Brett W. Smith is listed as the management contact. The business address matches an address of Smith’s in public records. It’s unclear whether the business existed beyond what appears on the Web site. The site is rife with misspellings and appears amateur.

But Conley said women who appeared to be prostitutes came and went from Smith’s home, and Smith had claimed “he had like a new girlfriend every day” and had offered to get Conley a girl, too.

‘The guy was strong’

Perry arrived at Evergreen Mobile Home Park two months ago, said Conley, who befriended Smith and Perry.

Conley described Perry as a heavy drinker, usually Bud Ice and often from morning to night, who enjoyed a good dip of Copenhagen chewing tobacco.

The trio helped each other fix up their trailers. Conley, though, said he usually parted company when Perry started drinking too much.

“He’d get angry,” Conley said.

Perry worked part time styling hair for seven months this year at Dimensions III hair salon. Although described as soft-spoken and willing to lend a hand, he was fired on Sept. 6, according to the owner.

Most recently, on Sept. 26, Perry was repairing a door in the rear of European Tan & Spa in a North Canton shopping plaza near the mobile home park.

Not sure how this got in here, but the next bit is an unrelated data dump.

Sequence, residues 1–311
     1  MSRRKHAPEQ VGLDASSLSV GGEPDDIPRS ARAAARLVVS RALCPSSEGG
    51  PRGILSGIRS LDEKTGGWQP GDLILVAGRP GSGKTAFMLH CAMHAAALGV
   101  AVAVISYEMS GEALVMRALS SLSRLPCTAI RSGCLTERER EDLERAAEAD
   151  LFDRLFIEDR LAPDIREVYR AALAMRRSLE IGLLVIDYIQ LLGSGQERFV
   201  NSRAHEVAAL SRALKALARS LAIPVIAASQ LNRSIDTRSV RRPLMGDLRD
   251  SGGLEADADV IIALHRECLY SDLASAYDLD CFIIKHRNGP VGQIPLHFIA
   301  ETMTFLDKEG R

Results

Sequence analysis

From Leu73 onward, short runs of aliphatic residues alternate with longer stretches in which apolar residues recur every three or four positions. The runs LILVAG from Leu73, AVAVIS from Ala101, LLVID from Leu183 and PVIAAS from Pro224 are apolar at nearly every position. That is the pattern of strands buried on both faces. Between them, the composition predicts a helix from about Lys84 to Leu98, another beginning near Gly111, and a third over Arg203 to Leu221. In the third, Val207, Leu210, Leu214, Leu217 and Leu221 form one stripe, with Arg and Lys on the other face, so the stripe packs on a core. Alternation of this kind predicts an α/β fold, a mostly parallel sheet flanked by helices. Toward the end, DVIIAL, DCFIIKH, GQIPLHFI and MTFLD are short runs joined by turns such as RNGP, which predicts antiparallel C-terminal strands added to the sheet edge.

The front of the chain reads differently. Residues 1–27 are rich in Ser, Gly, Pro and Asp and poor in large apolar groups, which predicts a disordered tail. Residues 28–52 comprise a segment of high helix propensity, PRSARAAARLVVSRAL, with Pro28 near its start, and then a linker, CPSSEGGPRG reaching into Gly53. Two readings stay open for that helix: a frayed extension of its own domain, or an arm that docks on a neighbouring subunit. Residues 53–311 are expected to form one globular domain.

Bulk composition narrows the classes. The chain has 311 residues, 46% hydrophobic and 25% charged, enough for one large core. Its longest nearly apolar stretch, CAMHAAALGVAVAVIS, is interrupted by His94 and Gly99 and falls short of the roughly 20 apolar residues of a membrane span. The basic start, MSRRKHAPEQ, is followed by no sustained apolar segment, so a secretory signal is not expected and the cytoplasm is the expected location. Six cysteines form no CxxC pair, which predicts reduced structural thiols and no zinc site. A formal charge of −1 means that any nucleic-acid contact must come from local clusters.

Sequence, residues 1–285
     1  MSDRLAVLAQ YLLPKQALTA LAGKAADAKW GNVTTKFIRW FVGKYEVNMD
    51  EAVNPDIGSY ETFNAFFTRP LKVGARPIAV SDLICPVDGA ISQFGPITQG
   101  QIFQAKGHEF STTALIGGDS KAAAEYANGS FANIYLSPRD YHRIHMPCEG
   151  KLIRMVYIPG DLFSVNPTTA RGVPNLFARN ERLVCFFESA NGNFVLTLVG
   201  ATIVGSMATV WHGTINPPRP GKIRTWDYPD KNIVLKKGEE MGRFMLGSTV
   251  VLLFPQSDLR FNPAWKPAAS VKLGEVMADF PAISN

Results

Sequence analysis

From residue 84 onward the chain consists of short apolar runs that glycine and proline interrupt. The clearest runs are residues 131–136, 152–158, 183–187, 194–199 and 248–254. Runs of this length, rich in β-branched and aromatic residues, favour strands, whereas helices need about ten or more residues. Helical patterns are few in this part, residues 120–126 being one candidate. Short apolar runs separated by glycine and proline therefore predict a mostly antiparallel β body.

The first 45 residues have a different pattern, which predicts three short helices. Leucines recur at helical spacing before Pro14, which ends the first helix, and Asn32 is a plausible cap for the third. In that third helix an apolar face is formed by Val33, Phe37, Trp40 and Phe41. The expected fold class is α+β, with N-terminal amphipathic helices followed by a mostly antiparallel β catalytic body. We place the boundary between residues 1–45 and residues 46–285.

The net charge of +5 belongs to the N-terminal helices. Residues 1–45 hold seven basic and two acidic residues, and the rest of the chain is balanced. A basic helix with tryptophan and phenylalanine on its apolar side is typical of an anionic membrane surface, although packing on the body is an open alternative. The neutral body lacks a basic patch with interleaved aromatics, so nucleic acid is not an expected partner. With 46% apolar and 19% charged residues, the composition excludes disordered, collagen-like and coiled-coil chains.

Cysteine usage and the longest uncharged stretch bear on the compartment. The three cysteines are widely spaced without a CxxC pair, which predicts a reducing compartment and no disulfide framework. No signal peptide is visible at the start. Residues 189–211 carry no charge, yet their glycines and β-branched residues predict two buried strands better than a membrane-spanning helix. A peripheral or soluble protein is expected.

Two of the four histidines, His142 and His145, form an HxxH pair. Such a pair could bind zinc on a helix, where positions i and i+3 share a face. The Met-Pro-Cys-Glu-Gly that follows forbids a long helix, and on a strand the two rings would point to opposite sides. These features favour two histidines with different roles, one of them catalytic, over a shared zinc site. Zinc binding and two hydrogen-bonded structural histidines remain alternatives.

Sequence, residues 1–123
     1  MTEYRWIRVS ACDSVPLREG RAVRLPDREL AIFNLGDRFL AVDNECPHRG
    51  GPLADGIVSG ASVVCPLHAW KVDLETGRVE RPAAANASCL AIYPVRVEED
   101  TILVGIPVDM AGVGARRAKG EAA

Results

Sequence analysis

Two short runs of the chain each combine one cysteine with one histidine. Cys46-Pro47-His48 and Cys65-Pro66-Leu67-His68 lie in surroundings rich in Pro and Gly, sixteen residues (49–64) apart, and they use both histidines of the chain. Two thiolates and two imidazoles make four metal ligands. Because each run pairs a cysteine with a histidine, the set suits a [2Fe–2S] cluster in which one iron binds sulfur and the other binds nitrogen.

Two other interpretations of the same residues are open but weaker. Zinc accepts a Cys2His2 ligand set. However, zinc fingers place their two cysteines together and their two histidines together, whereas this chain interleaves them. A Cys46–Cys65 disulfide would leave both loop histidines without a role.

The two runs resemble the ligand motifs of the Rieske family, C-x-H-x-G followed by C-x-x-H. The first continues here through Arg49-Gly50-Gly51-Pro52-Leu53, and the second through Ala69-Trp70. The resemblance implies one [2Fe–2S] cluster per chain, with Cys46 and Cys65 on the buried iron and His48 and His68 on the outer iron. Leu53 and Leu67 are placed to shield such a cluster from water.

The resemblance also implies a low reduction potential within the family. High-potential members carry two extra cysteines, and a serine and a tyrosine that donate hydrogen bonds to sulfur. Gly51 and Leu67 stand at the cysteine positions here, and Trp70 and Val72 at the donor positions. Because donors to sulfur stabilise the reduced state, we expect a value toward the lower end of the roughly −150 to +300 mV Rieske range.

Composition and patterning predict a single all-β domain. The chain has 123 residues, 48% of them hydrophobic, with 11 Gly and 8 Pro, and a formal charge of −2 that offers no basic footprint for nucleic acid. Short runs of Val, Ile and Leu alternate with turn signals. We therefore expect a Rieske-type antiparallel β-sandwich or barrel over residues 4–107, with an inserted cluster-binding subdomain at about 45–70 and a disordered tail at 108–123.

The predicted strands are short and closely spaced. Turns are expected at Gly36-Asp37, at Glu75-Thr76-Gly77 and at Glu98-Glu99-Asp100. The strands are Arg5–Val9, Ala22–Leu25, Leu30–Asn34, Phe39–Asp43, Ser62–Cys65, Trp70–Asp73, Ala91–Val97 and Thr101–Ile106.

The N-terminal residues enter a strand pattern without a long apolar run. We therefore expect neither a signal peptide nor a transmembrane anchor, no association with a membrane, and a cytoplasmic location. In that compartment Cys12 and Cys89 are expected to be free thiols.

He had been hired a week before to do odd jobs around the salon.

Police were called to the plaza after Perry was accused of chasing and threatening an employee of LA Office Solutions. No charges were filed.

Conley said Perry liked martial arts and kept items such as throwing knives in his trailer. Perry, he said, once showed him a handgun. Another time, Conley said he saw what looked like a cane but actually was a sword in Perry’s trailer.

“Brett told us that Perry ... loved to collect swords,” said Les Erb, who once gave Perry some cement slabs for a patio. Perry put the slabs in a wheelbarrow with a bad bearing and a flat tire, then pushed the load uphill, without stopping for a breath.